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News : Irish Last Updated: Apr 23, 2010 - 8:16:52 AM


Lenihan welcomes EU ruling to keep NAMA debt off national accounts; Inclusion would add 33% to 2010 Irish debt/GDP ratio bringing it to 109%
By Finfacts Team
Oct 20, 2009 - 4:21:33 PM

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The Minister for Finance, Brian Lenihan, today welcomed the preliminary view from the EU statistics office, Eurostat, that the €54 billion in public debt which the Government will raise to pay for the toxic property loans to be transferred to the Irish "bad bank:" NAMA, will not have to be included in the national debt total. It would have added 33% to the 2010 debt/GDP ratio bringing it to 109%.

The Euro Growth and Stability Pact rules provide that annual budget deficits of Eurozone countries, should be held to a limit of 3% of GDP (Gross National Product) and general government debt as a ratio of GDP should have a ceiling of 60%. So keeping the NAMA debt separate, gives more flexibility to management of the public finances, which will breach te EU limits until the mid years of the coming decade..

Last week, the public think-tank, the ESRI, said that by the end of 2010 the gross general government debt would be equivalent to 76% of GDP. It said these numbers take no account of the increase in the debt due to NAMA. The ESRI price tag of €54 billion would be equivalent to 33% of GDP in 2010 and would, if included, push the general government debt level close to 109% of GDP in 2010. The institute said in a standard, business-type balance sheet the corresponding assets would be taken into account.

The Minister for Finance, Brian Lenihan T.D., today said: “I welcome the preliminary decision of Eurostat that the operations of the National Asset Management Agency should be recorded outside the general government sector in the Irish national accounts. The preliminary decision of Eurostat means that the acquisition of the assets from the financial institutions by NAMA may be treated as off-balance sheet in the budgetary arithmetic under European national accounting rules. In other words, it will not increase the general government debt ratio and neither will our budget balance be directly affected by the NAMA initiative.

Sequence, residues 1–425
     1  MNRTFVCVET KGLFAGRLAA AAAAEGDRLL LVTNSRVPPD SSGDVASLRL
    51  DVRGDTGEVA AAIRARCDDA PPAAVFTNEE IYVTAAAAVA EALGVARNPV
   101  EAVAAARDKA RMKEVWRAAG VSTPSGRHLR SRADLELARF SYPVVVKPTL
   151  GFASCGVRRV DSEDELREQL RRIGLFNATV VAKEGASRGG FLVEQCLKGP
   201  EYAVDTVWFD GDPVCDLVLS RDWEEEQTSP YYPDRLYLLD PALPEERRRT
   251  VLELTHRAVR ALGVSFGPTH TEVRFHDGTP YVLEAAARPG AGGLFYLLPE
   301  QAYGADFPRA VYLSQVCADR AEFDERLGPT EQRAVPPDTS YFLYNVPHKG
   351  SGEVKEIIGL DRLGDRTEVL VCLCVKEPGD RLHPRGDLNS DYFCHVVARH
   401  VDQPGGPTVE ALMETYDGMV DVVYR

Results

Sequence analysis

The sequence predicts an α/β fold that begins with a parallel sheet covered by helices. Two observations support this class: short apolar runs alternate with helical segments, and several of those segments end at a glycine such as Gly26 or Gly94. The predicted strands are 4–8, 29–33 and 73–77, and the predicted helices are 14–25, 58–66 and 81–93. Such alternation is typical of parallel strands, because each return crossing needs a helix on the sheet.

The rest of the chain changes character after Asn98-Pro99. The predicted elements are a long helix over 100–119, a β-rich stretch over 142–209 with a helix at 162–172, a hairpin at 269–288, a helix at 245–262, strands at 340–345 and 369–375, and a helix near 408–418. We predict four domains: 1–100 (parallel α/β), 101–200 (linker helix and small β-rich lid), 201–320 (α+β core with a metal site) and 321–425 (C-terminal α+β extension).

This has the very important effect of putting the treatment of the Irish asset protection scheme on an equal footing with bank support schemes in other member states, which are also being recorded off-balance sheet. The operations of NAMA will be treated in a similar way to the French scheme, which also uses a special purpose vehicle with majority private ownership. The Board of NAMA will hold a veto on the operations of the special purpose vehicle through the shareholding agreement.”

Lenihan said the statistical treatment is dependent on the establishment of certain entities which will be the legal holders of the NAMA assets, while NAMA will retain effective control and veto on decision making.

However, the statistical treatment does not change the fact that operations of NAMA will lead to an increase in the amount of the State's potential liabilities. This basic fact should not be overlooked. However, neither should it be overlooked that these liabilities will be matched by a countervailing asset holding."

The Minister also stated: “Officials from the Central Statistics Office, the interim National Asset Management Agency and my Department have been in regular contact with Eurostat over the last few months regarding the appropriate treatment of NAMA.
At this stage, the Eurostat decision is preliminary as the National Asset Management Agency Bill 2009 has not yet been enacted. However, we expect that the final decision of Eurostat will not differ from the organisation’s preliminary view.”

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